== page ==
Britain faces shortage of key drug used to treat Strep A amid deadly outbreak

The UK is facing a “very worrying” shortage of the main antibiotic used to treat group A Streptococcus — an outbreak of which this winter has already killed seven children. The prescription drug, amoxicillin, has been vanishing from pharmacy shelves amid a reported global shortage of raw ingredients, rising costs and supply chain issues. Paediatric infectious disease specialist Dr Nathalie MacDermott of King’s College London said: “Group A Streptococcus is a bacteria that can cause strep throat and scarlet fever, as well as skin infections.”

According to the UK Health Security Agency (UKHSA), incidence of scarlet fever is also much higher than is typically seen at this time of year. In fact, three weeks ago, officials logged 851 cases of the infection, compared to an average of 186 over previous years.

Common symptoms of the condition include headaches, fever and sore throat, accompanied by a fine pinkish or red rash on the body that has a sandpapery feel. Parents who suspect their child has contracted scarlet fever are encouraged to contact their GP or NHS 111.

Dr MacDermott added: “A small proportion of children with Group A Strep infection can develop an invasive infection where the bacteria enter the bloodstream and can cause sepsis or more deep-seated infections such as chest infections, bone and joint infections or abscesses.”

“These children can become unwell very quickly, so it is important for parents to watch out for signs that their child is becoming increasingly unwell.”

According to the UKHSA, invasive Group A Strep remains uncommon, but there has nevertheless been a significant increase in cases this year, particularly among children aged under 10. Specifically, this year has seen 2.3 cases per 100,000 kids aged one to four and 1.1 per 100,000 children aged five to nine — compared, respectively, to figures of just 0.5 and 0.3 at this time of year prior to the COVID-19 pandemic.

The latest child to die after contracting the severe form of Strep A is understood to have been a 12-year-old boy from Lewisham, southeast London — the first secondary school student to have fallen victim to this year’s spike in cases.

Signs of invasive Group A Strep, Dr MacDermott explained, can include a persistently high temperature that won’t go down with normal measures, the child being irritable or difficult to wake, difficulty breathing, a rash that is spreading and doesn’t fade when pressed on, red and swollen joints and the child’s refusal to either walk or use a particular arm.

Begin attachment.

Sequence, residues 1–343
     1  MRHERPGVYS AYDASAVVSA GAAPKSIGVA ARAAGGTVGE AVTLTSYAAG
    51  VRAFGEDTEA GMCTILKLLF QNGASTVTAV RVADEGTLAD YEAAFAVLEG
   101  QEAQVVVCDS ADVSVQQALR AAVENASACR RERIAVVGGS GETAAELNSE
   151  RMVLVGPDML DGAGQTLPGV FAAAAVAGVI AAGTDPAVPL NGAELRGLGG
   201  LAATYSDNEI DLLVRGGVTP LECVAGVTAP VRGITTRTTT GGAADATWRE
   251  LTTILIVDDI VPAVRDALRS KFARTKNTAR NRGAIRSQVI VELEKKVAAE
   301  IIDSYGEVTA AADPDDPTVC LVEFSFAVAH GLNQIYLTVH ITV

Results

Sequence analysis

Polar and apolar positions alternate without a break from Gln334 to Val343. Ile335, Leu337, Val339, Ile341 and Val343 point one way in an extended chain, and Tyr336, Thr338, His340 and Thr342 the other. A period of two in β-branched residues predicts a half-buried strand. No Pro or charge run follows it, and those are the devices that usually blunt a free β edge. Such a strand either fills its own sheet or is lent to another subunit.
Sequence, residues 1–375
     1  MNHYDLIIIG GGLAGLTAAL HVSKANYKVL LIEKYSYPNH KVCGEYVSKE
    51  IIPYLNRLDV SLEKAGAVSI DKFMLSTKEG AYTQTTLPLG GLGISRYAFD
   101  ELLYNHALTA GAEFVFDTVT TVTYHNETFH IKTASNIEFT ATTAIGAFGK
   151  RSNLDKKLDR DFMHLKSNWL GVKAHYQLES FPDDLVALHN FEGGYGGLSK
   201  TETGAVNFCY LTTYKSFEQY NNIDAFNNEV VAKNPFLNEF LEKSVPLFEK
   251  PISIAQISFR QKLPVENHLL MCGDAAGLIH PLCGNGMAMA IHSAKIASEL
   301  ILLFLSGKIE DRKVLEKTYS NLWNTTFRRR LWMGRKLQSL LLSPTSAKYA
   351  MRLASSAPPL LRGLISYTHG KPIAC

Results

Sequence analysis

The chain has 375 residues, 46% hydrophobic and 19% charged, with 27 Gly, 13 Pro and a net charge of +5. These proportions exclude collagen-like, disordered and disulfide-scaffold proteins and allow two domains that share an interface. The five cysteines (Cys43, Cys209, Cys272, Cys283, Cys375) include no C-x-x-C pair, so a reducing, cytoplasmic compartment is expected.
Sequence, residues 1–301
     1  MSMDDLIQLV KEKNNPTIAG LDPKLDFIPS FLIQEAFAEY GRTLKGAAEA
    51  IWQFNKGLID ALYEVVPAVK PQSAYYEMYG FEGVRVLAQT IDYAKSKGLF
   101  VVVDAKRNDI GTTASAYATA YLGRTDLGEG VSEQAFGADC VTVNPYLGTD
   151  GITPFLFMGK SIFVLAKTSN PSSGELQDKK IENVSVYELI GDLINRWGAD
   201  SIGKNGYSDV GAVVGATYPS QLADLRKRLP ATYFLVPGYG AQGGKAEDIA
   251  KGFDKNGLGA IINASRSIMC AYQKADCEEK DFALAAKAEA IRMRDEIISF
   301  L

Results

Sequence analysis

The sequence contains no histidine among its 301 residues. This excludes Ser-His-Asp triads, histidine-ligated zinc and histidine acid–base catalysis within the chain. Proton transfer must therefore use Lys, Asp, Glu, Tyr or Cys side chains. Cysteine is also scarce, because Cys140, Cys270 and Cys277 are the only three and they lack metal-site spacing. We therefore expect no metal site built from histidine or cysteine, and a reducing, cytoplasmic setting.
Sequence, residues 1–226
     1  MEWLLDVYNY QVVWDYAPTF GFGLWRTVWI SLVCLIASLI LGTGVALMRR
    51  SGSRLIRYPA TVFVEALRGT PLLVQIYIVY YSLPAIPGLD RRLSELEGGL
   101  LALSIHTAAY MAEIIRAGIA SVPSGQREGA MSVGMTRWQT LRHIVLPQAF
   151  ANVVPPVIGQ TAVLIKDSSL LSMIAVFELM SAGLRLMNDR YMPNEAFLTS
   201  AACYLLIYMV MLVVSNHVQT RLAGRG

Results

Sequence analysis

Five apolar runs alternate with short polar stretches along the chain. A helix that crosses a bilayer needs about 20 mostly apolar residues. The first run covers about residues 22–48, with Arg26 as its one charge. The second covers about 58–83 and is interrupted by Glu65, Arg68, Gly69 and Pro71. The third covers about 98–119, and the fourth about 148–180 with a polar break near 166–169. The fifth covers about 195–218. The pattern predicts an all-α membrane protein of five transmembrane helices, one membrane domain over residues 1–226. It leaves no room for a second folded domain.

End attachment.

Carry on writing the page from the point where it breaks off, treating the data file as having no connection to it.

Dr MacDermott added: “Prompt treatment with antibiotics can manage these infections, but it is important they are recognised and treated quickly. Prompt treatment of Scarlet Fever and Strep throat also reduce the chances of a child developing invasive Group A Strep and reduce the chances of the infection spreading to other children at school or household members.”

It is recommended that parents keep their children at home for at least 24 hours after the commencement of antibiotic treatment to reduce the risk of the infection spreading.

READ MORE: Strep A warning for parents and GPs as seventh child dies

Dr Leyla Hannbeck — CEO of the Association of Independent Multiple Pharmacies — said that the present shortage of amoxicillin, coming as it does when children are at a higher risk of contracting Strep A, is “very worrying”.

She told the Sun: “We have raised it numerous times with the Department of Health. They say there is no shortage, but we can see there is a shortage.”

In response, a spokesperson for the Department of Health said: “We have well-established procedures to deal with medicine shortages and work closely with industry, the NHS and others to prevent shortages and resolve issues as soon as possible.”

According to the UKHSA, there is no evidence to suggest that a new strain of Group A Strep is circulating — with this year’s rise in cases being attributed to a combination of resumed social mixing and high amounts of circulating bacteria.